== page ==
The outside resembles a Soviet office block, with a limp Bulgarian flag out front. It seems to be connected in some way with the Bulgarian boxer Kubrat Pulev – a photo of the former European heavyweight champ can be seen on the facade of the building. Images on Tripadvisor show 1980s TV sets, grubby tiles and sheets that look like they haven’t been washed since it opened.
On the still-active website of the Hotel Kubrat in Mitte, a certain Mr Kubrat Panev is listed as the manager. It’s impossible to book a room online and, if you try to call, the line is always busy. If you manage to get in touch with Kubrat, let him know we have some serious questions to ask – like what are outdoor plastic table and chairs doing inside the bedrooms?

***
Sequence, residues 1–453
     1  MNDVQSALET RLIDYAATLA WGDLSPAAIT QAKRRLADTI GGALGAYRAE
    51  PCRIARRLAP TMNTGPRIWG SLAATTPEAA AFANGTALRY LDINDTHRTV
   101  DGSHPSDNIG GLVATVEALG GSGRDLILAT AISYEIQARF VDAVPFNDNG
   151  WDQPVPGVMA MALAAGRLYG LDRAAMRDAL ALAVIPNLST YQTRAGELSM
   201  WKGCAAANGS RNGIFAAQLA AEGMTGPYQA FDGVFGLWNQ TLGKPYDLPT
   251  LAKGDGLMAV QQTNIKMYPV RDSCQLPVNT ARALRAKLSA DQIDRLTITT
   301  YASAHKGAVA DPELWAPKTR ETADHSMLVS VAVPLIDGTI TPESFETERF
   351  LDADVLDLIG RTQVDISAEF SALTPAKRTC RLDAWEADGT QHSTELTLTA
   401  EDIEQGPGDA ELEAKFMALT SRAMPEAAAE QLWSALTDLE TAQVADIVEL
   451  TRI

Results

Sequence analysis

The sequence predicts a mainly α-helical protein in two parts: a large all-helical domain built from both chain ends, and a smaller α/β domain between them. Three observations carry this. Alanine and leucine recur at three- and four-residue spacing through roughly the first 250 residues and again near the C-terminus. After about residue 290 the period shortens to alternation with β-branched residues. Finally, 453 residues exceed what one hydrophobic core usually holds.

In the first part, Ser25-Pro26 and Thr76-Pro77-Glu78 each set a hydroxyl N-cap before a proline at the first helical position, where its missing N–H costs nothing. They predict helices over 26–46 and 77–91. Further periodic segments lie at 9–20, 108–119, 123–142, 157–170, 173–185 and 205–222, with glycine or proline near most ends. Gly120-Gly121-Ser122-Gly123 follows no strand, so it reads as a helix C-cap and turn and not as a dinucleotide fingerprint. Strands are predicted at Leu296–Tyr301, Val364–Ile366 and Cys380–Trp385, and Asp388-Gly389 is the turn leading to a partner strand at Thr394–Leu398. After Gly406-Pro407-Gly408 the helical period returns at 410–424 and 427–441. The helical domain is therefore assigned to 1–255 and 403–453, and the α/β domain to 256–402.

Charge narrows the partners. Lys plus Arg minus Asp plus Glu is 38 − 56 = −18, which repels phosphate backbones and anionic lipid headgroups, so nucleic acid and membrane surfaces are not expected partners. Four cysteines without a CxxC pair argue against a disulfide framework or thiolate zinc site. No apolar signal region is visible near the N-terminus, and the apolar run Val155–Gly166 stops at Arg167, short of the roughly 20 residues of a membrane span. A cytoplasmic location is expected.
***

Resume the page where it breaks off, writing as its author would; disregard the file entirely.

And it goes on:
Hotel Kubrat | Leipziger Straße 21, Mitte
Abandoned house on Hindenburgdamm
Another empty house can be found in Lichterfelde. The residential building on the corner of Hindenburgdamm and Gardeschützenweg has been decaying for a good 20 years, its perimeter boxed in by a wooden fence. In a recent hearing at the Berlin Administrative Court, the owner of a similar building was instructed that he cannot let his property fall into disrepair given the city’s housing shortage. The judges ruled that renovation was reasonable. Will the forgotten house on Hindenburgdamm have a similar fate?
Wohnhaus Hindenburgdamm | Ecke Gardeschützenweg, Lichterfelde